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Letters to the Editor: Feb. 23, 2018

Immigration needs limits

Re: “Why we should all welcome immigrants and refugees” [Volume 8, Issue 1 or bit.ly/2DMpMUz]

The act of vandalism at the Ascension Lutheran Church was hateful and a violation of two of the fundamental rights that are so important to the effective functioning of our democracy. I refer to the right to own property and the right of free speech. Further, whether or not one believes in the Bible, it is difficult to disagree with the exhortation to care about the plight of others who are in need.

What Pastor Fry does not mention is whether he believes this nation, or any other for that matter, has the right to control its borders. The title of the editorial “Why we should all welcome immigrants and refugees” does not make a distinction between legal and illegal immigrants and thus implies he favors open borders.

Those of us fortunate enough to have been born in American, should be grateful for that blessing. However, while being born here is the luck of the draw, the level of freedom and prosperity we enjoy is no accident.

Those who founded our country installed a system of government capable of policing itself to prevent the abuses found in so many other countries. They adopted an economic system (capitalism) that, together with the rule of law and property rights, encourages productivity by allowing individuals to be rewarded for talent and hard work. These features of America culture, among others, have helped produce a high standard of living.

Many cultures do not share these values, and are therefore much less pleasant places to live. Thus, there are millions of people now living in other countries who would like to live here. I have read that worldwide there may be 600 million or more in that category.

Pastor Fry’s impassioned plea to welcome refugees and immigrants, while tugging at our heartstrings, ignores the difficult question of controlling our borders and setting reasonable immigration quotas that will not destroy the American way of life that we now enjoy. Does everyone in the world have a right to live in the United States? Most would probably answer no. But if not everyone, how many immigrants should we allow to enter?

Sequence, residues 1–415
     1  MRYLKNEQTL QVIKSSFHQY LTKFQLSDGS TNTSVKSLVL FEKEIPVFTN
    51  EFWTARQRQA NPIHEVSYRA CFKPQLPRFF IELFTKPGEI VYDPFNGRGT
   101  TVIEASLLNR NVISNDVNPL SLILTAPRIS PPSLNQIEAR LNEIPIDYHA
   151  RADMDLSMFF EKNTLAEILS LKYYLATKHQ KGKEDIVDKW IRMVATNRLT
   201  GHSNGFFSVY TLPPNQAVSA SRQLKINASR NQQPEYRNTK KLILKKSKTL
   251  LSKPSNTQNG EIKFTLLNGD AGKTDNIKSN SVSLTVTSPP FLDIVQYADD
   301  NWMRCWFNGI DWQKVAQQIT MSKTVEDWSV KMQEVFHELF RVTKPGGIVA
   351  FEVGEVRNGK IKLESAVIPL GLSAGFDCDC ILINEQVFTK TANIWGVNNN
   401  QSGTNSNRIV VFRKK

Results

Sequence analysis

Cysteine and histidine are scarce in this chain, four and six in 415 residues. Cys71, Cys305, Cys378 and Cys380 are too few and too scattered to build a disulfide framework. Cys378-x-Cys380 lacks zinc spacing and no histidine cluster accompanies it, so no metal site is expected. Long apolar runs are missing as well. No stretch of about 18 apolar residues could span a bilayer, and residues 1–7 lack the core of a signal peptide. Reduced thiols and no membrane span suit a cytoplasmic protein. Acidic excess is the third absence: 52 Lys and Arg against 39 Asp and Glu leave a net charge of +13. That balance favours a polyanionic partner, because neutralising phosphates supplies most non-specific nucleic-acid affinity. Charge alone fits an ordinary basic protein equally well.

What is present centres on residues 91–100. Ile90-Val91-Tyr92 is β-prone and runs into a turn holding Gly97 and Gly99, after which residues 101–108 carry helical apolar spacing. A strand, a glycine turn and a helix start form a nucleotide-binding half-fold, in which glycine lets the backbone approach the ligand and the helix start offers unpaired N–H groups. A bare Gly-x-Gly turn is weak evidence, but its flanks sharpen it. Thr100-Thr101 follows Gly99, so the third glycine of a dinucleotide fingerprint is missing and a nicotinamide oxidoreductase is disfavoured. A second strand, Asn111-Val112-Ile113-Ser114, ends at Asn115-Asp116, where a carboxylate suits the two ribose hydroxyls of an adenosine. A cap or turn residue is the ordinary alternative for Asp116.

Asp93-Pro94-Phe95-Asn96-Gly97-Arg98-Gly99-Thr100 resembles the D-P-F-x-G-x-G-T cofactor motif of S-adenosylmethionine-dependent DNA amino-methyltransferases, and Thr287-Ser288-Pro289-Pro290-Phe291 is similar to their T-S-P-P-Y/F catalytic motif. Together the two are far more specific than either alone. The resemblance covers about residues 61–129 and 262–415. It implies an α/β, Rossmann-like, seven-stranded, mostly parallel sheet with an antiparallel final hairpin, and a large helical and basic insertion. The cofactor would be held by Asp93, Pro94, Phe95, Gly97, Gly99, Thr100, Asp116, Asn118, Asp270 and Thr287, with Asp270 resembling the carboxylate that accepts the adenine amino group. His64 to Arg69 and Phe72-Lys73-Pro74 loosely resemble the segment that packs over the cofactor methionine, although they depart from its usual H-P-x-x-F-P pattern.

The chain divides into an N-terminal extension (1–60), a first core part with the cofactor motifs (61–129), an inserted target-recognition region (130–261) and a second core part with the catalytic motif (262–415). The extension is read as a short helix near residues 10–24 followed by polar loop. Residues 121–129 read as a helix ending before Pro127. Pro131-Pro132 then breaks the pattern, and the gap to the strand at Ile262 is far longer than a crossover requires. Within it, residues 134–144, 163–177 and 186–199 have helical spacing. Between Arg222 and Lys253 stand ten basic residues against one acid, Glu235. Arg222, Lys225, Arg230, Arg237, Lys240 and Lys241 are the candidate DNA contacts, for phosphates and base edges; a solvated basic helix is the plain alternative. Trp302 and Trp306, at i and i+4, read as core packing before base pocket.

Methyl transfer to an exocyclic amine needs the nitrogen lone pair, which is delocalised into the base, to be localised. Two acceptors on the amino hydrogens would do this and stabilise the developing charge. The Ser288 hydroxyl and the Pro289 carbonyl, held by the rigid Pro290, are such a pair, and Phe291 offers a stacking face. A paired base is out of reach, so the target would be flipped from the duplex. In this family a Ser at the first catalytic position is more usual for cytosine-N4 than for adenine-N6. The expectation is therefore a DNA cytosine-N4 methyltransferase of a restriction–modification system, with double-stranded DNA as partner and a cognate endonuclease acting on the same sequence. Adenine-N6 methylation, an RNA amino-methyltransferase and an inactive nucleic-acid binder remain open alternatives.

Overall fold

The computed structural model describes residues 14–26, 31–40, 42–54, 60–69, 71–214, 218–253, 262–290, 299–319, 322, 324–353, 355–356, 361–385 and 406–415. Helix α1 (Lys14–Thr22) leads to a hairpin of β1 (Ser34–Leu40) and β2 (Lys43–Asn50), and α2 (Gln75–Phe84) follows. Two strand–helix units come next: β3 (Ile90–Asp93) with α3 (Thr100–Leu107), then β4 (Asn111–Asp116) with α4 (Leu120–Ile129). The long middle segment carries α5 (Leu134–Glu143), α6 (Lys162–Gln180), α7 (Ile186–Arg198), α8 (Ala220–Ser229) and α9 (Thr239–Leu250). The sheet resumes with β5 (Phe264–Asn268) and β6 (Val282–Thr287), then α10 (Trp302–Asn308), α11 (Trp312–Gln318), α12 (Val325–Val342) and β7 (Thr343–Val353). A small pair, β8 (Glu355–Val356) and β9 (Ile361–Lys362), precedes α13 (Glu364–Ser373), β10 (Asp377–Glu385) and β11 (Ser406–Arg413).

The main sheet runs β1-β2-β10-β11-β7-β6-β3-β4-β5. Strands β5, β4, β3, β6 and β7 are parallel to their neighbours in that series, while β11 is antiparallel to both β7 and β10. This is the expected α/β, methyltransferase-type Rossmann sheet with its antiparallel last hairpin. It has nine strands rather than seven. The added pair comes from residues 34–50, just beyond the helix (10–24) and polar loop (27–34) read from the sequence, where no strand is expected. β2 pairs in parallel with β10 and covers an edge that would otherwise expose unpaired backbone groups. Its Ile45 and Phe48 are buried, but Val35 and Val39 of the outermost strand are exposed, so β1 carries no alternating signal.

We are frequently reminded that ours is a “nation of immigrants.” However, immigration is different now than it was in past centuries. In earlier years, this country of ours was a largely unsettled country that could easily accommodate and provide opportunity for many. Those who immigrated were not motivated by welfare benefits because there were none.

Today, we are the third most populous country in the world and many of us do not want to become as crowded as China and India and others. Today, we have a generous welfare system that is a lure for many and which must be paid for by our taxpayers. America is wealthy, but also over $20 trillion in debt.

Taken in reasonable numbers, immigrants can be assimilated into our culture and become producers of the wealth and standard of living we enjoy. Taken in numbers too large, immigrants may try to change our governing system and move it in the less productive directions they are accustomed to in their home countries. Taken in numbers too large, immigrants unduly burden our taxpayers with the costs of a generous welfare system that includes schools, housing, health care, and many other anti-poverty programs. Taken in numbers too large, immigrants hold down wage growth for the unskilled poor among us.

I am certainly not arguing for no immigration. I am arguing for limits — and limits are meaningless without enforcement. So, I wish Pastor Fry would make specific suggestions about what the legal immigration system should look like: How many immigrants with what characteristics we should take in and what measures should be taken to enforce whatever quota is set. Or, if he favors open borders, Pastor Fry should be forthright about saying so and explain how that would work.

Immigration is a complex and emotional subject. We need dialogue that both calls on our better natures and recognizes the practical realities of immigration.

— Russell Buckley, La Mesa.

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